Splenectomy is a treatment in which your spleen gets surgically removed. This procedure can reduce pain and bleeding caused by a ruptured or damaged spleen. It can also treat cysts and tumors in the spleen and cancers, including Hodgkin’s lymphoma.

Here’s more about what happens during splenectomy and how to contact Advanced Laparoscopic Associates if you need intestinal surgery.

What Is a Splenectomy?

Splenectomy, also known as spleen removal, is the surgical removal of the spleen. The spleen is an organ located on the left upper part of your abdomen under the rib cage. Its job is to filter toxins and old cells from the bloodstream and help your body fight infection.

The most common reason for spleen removal is a ruptured spleen, usually caused by an abdominal injury such as a blow to the stomach during football. Splenectomy may also treat conditions including blood clots in the spleen, infections, sickle cell anemia and cancer, among many others.

What Happens During a Splenectomy?

Splenectomy is usually performed under general anesthesia in an inpatient setting. It can be performed as an open surgery or as a minimally invasive laparoscopic surgery.

First, your surgeon will make one or more incisions in your abdominal area near your spleen. Next, if you are having open surgery, the surgeon will move muscles and tissues aside to access the spleen for removal.

If you are having laparoscopic surgery, the surgeon will insert a small, thin tube with a tiny camera (called a laparoscope) into your abdomen. This allows your surgeon to view the inside of your abdomen more clearly so the spleen can be carefully removed through a series of small incisions.

After your spleen is removed, your incision(s) will be closed, and you will be taken to another room for recovery.

What Is the Difference Between Open vs Laparoscopic Splenectomy?

Open splenectomy is the traditional method of spleen removal and is more invasive than laparoscopic surgery. It requires your surgeon to make one long incision versus several tiny incisions. Open splenectomy is often associated with a longer recovery time, a longer hospital stay and a greater risk of mortality.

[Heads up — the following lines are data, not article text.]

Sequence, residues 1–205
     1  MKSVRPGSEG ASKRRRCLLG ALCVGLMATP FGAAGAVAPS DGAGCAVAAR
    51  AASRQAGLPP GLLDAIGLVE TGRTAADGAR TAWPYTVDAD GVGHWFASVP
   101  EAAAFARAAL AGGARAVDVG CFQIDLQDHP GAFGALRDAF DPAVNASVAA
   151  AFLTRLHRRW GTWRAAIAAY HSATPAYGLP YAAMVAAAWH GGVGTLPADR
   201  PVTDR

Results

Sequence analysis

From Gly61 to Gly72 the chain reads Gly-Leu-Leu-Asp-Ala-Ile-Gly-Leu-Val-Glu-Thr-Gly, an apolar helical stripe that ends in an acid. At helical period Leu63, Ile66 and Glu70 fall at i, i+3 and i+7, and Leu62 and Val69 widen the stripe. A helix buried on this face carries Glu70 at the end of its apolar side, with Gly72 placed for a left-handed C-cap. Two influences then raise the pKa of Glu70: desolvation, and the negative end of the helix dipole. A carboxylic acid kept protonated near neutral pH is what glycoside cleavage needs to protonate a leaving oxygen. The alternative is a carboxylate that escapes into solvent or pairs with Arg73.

Laparoscopic splenectomy is minimally invasive because it can be performed using smaller incisions and is associated with a shorter downtime and recovery period. It is also associated with a reduced risk of pain and complications, including death.

Your surgeon may recommend laparoscopic splenectomy as a first-line treatment, though in some instances, open surgery may be required when there is scar tissue buildup near the spleen or when the spleen cannot be fully removed through tiny incisions. Your surgeon can recommend the right type of surgery for you based on your condition.

Who Needs a Splenectomy?

Splenectomy can be performed to treat a wide range of conditions that affect the spleen. Conditions that can be treated with splenectomy include:

  • Ruptured spleen
  • Enlarged spleen
  • Blood clots in the spleen
  • Blood disorders, including idiopathic thrombocytopenic purpura and thalassemia
  • Cancers, including chronic lymphocytic leukemia, Hodgkin’s lymphoma and non-Hodgkin’s lymphoma
  • Infections in the spleen
  • Cysts, abscesses or tumors in the spleen
  • Cirrhosis of the liver
  • Leukemia
  • Overactive spleen, known as hypersplenism
  • Sickle cell anemia

What Can I Expect After a Splenectomy?

Splenectomy requires a hospital stay regardless of whether you have open surgery or laparoscopic surgery. Open surgery usually requires a hospital stay of five to seven days, while laparoscopic surgery may require a hospital stay of only one to two days.

In all, splenectomy recovery lasts between four to six weeks. During this time, your surgeon may ask you to refrain from exposing your incisions to water and from driving and doing exercise and other strenuous activities. You can gradually resume your daily activities over time as you start feeling better. Your surgeon will also talk to you about the importance of maintaining good health without a spleen, as you may be at greater risk for illnesses and infections.


Request an appointment with Advanced Laparoscopic Associates today to find out whether you’re a candidate for splenectomy. We can talk to you in greater detail about how this procedure works and whether it can benefit you.

For additional information, all prospective patients are invited to attend a free educational seminar.
Seminars are a great source of information about the procedure you are considering, and they allow you to meet the surgeons as well as ask any questions you may have. You may also have the opportunity to meet some post-operative patients.

Seminar Sign-up

Call (201) 646-1121 today and schedule your consultation with one of our surgeons!


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